• Shadow coverage on an elite WR is not always a problem.
    • Most elite ball catchers excel regardless of matchup, if the ball is thrown to them.
    • Shadowing a top receiver also suggests that receiver will not be consistently double-teamed.
  • Keep an eye out for matchups against corners who are filling in for a starter as they can pay off.
    • Just beware that opponents will adjust for this.
  • #3 receivers are often good values when they are productive and/or are being targeted more, and have superior defensive match-ups versus their teammates.
    • If a team’s #3 WR faces the #3 defender, and that matchup is considerably more favorable than the #1 receiver’s matchup, that’s creates bargain potential. If a skilled #3 receiver has a better cornerback matchup than both his teammates (WR1 and WR2) that’s even better.

Other WR Selection Factors

  • If heavy rain, heavy wind or heavy snow is in the forecast, production at wide receiver is bound to be lower. Weather this bad doesn’t occur often.
  • Draftkings awards three bonus points for 100+ yard receiving games. That gives slight extra value to top-notch WRs if they exceed 100 yards regularly. Refer to [YardsL10] to see how often a receiver hits that level.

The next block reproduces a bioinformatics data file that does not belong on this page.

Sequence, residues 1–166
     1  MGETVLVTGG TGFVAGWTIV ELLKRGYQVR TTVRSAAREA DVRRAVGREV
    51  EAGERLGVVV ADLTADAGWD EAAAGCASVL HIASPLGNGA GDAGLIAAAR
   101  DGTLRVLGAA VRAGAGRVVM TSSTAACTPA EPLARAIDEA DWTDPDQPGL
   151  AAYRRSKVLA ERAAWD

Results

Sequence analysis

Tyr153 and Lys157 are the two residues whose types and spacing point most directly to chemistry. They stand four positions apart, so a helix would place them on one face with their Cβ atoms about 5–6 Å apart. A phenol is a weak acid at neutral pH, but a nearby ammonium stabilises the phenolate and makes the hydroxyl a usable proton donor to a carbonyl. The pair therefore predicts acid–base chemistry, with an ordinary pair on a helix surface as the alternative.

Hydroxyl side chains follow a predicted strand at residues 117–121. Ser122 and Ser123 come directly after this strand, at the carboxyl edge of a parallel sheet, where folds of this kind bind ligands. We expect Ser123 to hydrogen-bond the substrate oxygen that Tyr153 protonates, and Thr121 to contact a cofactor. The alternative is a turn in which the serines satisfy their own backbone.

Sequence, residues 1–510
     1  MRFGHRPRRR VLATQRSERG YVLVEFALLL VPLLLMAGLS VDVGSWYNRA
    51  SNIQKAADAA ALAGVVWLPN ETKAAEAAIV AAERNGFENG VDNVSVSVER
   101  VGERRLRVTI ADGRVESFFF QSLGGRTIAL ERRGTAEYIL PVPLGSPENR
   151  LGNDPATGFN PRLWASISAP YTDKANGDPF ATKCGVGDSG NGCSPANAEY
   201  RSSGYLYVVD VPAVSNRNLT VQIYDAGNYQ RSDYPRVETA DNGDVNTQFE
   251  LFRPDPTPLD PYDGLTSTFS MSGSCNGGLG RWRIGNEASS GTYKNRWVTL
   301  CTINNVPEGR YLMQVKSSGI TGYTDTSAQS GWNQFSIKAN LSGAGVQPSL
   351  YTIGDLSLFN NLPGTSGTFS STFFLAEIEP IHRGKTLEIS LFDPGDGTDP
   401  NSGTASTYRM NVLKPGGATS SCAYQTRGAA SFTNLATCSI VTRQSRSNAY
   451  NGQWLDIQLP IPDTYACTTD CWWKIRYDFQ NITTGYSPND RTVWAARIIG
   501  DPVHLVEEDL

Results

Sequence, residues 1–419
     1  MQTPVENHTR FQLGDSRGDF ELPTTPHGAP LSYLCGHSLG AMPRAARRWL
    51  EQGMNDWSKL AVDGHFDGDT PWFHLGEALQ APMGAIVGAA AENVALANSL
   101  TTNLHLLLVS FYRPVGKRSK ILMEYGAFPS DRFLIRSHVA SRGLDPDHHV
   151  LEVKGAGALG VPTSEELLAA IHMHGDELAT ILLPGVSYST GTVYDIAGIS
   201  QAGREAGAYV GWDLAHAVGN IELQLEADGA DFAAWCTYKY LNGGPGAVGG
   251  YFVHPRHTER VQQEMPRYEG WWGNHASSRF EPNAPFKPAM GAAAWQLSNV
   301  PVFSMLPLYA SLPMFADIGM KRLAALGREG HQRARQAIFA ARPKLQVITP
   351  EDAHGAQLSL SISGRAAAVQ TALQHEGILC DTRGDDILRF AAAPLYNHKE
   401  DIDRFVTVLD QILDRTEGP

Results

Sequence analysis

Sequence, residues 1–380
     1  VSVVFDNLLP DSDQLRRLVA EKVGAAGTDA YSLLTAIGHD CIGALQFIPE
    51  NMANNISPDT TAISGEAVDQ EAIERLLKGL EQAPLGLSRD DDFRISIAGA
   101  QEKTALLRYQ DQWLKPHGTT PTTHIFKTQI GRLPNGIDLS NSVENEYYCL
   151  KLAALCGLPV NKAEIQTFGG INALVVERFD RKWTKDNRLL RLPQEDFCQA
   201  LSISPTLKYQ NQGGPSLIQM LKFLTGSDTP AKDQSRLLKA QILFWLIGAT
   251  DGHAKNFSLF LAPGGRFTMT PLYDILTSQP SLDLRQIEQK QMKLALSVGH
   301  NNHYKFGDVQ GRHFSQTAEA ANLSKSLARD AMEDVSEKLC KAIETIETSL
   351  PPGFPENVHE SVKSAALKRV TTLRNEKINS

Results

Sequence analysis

• Some targets are worth more than others:
    • Red zone opportunities ( [RedZnOppsL4] ) are far more valuable than targets outside the red zone. Almost 1 in 4 red zone targets result in a touchdown, whereas only 1 in 50 targets outside the red zone result in a TD, according to DFS pro, Derek Farnsworth.
      • If you don’t think a WR will score a touchdown, he usually shouldn’t be selected. And if a WR doesn’t get enough red zone opportunities (targets), you should seldom pay up for him. Look for red zone targets in the last 2 of 3 games.
      • Pro Tip: Red zone target share is often not fully factored into player pricing. Players with a lot of red zone looks but not a lot of TDs are frequently underowned, even though they’re candidates for regression to the mean on TDs.
      • Red zone targets are even more essential on FanDuel and Yahoo, which don’t compensate you as much for receptions. A WR who’s unlikely to score a TD is much more likely to be a bust for you on those sites.
    • Deep targets are statistically more valuable as well. Albeit, they are less valuable when the WR is facing an elite pass-rushing defense that constantly pressures the QB.
      • Factoid: Red zone and deep targets are caught less than half the time.
  • FanDuel has a higher minimum salary ($4,500) for WRs than DraftKings ($3,000), meaning you can’t take as many chances on bargain bin WRs. And don’t take too many chances in any case. There’s little value in a $3,000 WR who’s expected to get just 2 targets.
  • Be on the lookout for cheap WR3 options with:
    • high snap counts in last game and trending higher in last 2-3 games